Anaplastic Large Cell Lymphoma: An Unusual Presentation in a 7-Year-Old Girl


Address correspondence to Dean S. Morrell, M.D., UNC Dermatology & Skin Cancer Center, 401 Market Street, Suite 400 CB #7715 Chapel Hill, NC 27516, or e-mail:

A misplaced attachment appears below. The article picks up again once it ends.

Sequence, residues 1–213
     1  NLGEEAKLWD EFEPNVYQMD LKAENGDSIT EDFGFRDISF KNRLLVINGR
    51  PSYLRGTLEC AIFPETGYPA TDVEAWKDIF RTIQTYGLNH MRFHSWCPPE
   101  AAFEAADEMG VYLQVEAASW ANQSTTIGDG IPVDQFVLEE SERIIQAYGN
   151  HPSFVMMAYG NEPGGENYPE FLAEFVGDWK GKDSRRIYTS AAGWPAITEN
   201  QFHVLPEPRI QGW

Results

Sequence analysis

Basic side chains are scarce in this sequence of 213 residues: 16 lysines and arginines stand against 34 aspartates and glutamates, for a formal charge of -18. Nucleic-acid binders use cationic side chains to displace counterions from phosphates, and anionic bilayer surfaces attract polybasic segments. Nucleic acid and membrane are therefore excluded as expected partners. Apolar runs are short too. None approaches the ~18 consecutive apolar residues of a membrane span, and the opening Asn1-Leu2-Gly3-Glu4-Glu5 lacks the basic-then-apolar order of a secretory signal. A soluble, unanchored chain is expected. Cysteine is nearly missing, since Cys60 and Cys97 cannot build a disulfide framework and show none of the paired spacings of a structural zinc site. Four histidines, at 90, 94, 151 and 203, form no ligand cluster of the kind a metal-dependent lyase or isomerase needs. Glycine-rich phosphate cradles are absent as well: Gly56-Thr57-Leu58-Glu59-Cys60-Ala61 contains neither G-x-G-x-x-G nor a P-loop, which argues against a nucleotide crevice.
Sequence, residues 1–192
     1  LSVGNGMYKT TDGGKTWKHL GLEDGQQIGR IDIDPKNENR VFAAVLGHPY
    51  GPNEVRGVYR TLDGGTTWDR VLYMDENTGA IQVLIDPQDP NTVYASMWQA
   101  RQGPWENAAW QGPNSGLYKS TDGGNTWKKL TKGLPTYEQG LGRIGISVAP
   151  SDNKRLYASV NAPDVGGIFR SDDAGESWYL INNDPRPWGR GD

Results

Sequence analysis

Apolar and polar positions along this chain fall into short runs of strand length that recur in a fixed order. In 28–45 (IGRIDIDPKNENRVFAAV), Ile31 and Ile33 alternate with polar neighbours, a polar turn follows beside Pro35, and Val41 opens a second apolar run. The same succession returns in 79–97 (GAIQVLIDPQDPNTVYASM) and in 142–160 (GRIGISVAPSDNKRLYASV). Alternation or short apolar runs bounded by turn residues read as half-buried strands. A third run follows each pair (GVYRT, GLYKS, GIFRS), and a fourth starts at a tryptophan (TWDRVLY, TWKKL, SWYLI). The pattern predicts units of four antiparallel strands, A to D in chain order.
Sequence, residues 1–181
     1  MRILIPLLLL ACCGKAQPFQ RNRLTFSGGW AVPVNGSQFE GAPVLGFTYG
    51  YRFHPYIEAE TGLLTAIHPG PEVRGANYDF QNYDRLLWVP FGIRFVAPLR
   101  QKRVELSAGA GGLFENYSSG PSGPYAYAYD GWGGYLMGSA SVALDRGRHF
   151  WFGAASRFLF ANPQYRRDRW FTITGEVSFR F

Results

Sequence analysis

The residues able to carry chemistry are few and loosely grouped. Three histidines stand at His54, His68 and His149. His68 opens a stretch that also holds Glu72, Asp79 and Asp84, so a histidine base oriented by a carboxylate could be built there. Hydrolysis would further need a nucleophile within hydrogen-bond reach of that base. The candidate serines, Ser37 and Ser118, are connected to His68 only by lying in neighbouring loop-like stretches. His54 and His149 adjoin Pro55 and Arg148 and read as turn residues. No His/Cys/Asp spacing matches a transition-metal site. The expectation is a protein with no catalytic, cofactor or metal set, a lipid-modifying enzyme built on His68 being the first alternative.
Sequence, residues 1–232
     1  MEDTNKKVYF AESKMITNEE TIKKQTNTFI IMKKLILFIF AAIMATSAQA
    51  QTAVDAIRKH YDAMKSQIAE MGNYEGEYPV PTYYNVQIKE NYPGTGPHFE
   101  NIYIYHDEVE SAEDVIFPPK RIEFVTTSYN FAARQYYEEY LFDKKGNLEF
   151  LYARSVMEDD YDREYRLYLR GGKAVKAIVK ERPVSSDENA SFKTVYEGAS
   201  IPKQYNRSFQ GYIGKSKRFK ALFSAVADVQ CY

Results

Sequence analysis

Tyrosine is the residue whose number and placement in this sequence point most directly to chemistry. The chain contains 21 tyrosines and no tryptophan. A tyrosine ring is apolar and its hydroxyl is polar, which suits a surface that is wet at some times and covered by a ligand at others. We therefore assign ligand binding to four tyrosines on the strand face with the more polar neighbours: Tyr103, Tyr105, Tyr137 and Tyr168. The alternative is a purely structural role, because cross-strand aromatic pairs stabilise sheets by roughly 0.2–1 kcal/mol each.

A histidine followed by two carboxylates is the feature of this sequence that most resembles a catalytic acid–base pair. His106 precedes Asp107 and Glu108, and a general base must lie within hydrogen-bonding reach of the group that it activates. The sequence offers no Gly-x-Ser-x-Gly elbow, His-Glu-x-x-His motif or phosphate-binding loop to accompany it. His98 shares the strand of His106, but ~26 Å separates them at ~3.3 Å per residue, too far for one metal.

Abstract:  Anaplastic large cell lymphoma (ALCL) accounts for 10% to 30% of all childhood lymphomas and approximately 5% of all non-Hodgkin’s lymphoma. ALCL is considered to be a T-cell non-Hodgkin’s lymphoma that can be divided into two major groups with distinct genetic, immunophenotypic, and clinical behaviors. The first group consists of a spectrum of CD30+ T-cell lymphoproliferative disorders that include primary cutaneous ALCL (C-ALCL) and lymphomatoid papulosis. The second group is systemic ALCL (S-ALCL), which is further divided into two subgroups: anaplastic lymphoma kinase positive (ALK+) and ALK-negative. Between 30% and 60% of S-ALCL express ALK, which is usually the result of a t(2;5) translocation that correlates with onset in the first three decades of life, male predominance, and good prognosis. Although morphologically similar, ALK− ALCL shows varied clinical behaviors and immunophenotypes; is commonly seen in older age groups, with a peak incidence in the sixth decade of life with no preference as to sex; and has an overall poorer prognosis. We present a case of CD30+, ALK− S-ALCL in a 7-year-old girl.